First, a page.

Rep. McGorty, House Republicans Unveil Session Priorities for Cannabis Safety

Posted on January 25, 2023


HARTFORD— State Rep. Ben McGorty (R-122) joined his House Republican colleagues on Tuesday to unveil caucus proposals aimed at creating a safer environment surrounding the recreational use and retail sale of cannabis.

“When it comes to our state’s fledgling cannabis marketplace, the umbrella message emanating from the Governor’s office is, unfortunately, one of shining positivity that in our opinion is at odds with the concerns of not just many residents, but also state mental health and addiction professionals who spend a lot of energy warning us all—and children in particular—about the drug’s dangers,” said Rep. Vincent Candelora (R-86), House Republican Leader. “I urge my colleagues who have been so enthusiastic about retail cannabis to refocus their energy and prioritize an effort to make changes to our regulatory landscape for the benefit of our state.”

The proposals from House Republicans cover a wide-ranging set of issues, from student driving education and labeling to sales of cannabis products at gas stations and safer packaging.

“Now that cannabis is here and commercialized in Connecticut, we have a duty to make certain the retail market is safe and employees have the necessary training of the products they sell,” said Rep. David Rutigliano (R-123), Ranking Member of the General Law Committee. “Priority number one is to protect children from predatory marketing. The best retail market system is one that works jointly with law enforcement to identify the good actors from the bad.”

The bill from House Republicans, H.B. 5434, will be subject of a General Law Committee public hearing.

“We are seeing an unfortunate and serious increase of imminent health risks to children and families as we begin to commercialize cannabis in Connecticut. Emergency workers, first responders, and many of our neighbors are expressing growing concern about normalizing recreational marijuana use and the terrifying effects it may have on children and families,” Rep. Ben McGorty (R-122) said. “This half-baked market rollout has revealed an immediate need for reevaluation on how retailers operate, how law enforcement is equipped to respond, and how patrons and their families can safely navigate what is a dangerous substance for unsuspecting consumers.”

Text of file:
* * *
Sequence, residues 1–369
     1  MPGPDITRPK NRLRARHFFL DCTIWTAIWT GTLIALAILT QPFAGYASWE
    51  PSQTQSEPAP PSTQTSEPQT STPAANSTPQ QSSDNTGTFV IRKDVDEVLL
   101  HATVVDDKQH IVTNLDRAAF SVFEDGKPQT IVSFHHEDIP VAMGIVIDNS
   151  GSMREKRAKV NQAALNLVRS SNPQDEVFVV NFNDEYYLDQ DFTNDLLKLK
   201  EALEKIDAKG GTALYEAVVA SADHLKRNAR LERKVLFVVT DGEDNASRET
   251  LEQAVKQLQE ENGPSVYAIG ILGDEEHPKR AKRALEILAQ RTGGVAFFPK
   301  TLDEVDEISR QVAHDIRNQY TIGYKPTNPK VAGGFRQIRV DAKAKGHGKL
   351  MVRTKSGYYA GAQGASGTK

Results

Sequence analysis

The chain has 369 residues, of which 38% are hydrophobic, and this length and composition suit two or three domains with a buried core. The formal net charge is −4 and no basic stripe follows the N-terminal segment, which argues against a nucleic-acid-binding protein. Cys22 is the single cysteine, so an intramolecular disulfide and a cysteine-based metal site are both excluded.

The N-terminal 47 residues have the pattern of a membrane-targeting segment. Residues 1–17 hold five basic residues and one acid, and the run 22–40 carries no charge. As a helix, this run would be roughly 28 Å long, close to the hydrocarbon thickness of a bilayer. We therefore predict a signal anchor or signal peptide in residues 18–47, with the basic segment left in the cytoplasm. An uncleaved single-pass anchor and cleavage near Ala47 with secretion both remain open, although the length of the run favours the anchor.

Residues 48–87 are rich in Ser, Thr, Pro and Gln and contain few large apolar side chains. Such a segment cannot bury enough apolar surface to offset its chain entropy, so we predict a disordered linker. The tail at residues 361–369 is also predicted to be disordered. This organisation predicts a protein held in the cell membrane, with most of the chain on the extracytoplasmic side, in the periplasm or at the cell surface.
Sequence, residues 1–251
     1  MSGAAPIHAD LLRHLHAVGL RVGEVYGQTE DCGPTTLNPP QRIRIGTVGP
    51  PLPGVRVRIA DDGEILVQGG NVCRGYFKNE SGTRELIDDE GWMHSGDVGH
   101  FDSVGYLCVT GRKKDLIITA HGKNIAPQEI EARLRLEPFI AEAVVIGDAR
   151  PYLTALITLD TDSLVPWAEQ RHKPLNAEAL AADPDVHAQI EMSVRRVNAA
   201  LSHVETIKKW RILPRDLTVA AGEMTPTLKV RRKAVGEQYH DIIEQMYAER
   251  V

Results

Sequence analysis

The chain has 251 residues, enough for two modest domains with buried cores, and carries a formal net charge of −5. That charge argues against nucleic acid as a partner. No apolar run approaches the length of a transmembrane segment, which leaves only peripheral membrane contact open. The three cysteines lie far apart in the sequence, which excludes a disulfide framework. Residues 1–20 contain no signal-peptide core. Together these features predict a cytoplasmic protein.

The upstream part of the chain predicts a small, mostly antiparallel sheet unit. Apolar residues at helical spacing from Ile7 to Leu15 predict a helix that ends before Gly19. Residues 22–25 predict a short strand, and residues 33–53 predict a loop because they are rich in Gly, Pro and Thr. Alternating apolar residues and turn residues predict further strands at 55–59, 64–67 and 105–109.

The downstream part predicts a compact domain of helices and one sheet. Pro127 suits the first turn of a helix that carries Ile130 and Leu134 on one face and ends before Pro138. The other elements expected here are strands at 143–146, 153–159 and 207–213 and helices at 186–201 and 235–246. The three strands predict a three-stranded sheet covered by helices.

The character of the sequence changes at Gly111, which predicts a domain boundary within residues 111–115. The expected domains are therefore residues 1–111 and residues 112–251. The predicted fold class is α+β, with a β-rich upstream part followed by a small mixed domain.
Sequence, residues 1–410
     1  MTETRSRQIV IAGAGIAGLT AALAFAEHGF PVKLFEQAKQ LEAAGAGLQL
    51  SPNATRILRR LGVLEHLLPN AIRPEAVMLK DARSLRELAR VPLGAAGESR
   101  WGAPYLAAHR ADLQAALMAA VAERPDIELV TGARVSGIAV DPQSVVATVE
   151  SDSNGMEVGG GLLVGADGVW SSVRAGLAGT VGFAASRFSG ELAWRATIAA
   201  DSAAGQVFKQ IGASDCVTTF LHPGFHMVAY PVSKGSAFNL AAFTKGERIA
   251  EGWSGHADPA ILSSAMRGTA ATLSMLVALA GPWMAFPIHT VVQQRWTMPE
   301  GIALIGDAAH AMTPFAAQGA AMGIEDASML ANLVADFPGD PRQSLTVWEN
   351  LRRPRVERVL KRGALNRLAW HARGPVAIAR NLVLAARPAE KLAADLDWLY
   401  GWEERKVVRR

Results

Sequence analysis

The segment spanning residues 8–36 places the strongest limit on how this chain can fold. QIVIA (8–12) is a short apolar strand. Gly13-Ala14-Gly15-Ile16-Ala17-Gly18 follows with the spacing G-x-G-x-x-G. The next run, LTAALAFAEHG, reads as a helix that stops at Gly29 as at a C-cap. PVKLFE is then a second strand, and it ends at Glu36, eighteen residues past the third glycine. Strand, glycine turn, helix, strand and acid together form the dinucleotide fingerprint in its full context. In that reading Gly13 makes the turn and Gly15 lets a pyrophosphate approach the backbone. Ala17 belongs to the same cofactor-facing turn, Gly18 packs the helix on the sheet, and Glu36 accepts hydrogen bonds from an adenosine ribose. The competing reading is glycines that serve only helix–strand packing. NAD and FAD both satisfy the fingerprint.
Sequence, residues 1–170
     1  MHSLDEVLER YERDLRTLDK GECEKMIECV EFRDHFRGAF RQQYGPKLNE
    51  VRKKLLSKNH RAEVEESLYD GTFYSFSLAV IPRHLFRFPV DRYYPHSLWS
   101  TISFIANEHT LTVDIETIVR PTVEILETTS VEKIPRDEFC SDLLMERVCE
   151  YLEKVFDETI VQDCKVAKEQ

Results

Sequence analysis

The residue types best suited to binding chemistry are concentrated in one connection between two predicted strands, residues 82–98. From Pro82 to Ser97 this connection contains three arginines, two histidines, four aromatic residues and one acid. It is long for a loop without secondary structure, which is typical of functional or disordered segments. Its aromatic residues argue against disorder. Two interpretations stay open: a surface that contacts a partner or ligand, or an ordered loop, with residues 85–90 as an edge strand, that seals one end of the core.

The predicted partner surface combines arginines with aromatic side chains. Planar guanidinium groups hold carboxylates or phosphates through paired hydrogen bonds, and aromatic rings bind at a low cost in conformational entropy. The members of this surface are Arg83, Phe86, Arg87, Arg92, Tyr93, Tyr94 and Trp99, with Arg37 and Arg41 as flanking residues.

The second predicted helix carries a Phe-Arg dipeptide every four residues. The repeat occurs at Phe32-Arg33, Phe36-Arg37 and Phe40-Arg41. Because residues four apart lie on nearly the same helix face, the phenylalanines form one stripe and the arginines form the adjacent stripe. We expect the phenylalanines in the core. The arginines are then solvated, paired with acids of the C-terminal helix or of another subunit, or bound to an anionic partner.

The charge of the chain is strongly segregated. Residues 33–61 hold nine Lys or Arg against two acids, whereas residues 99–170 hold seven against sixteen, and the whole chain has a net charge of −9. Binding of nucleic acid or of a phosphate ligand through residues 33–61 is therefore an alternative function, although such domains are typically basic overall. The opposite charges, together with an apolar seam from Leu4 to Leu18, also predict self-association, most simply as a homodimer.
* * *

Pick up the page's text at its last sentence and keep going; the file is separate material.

The bill from House Republicans proposes the following:

  • Establishes a cap on the amount of THC present in a single serving and requires the disclosure of the concentration of THC present in each serving and a description of its potency
  • Requires a label to be placed on the package of each consumer product stating cannabis use may be addictive, lead to birth defects, or cause psychosis

Continued, House Republican proposals on cannabis safety:

  • Restricts licensed gasoline dealers from selling any product containing any form of THC
  • Requires each cannabis retailer employ a certified budtender and that such budtender be present at such retailer during operating hours
  • Prohibits cannabis consumption in locations where alcohol consumption is prohibited
  • Repeals certain restrictions on cannabis-related stops and searches on persons and motor vehicles
  • Specifies that “imminent risk of serious harm” includes a situation where a parent or guardian is visibly under the influence of cannabis and attempting to pick up and leave with their child from a school or day care
  • Prohibits the sale of edible cannabis products
  • Requires that cannabis products be sold in child-proof containers

Requires the Department of Consumer Protection to:

  • Review and approve each cannabis product type and its dosage
  • Review cannabis tracking procedures in retail establishments and pharmacies
  • Designate retail cannabis as a schedule II-controlled substance
  • Specify that secondhand cannabis smoke is toxic to human health

House Republicans urge members of the public to share their thoughts about H.B. 5434 when it is scheduled by the General Law Committee. For more information on how to testify, visit the committee’s web site at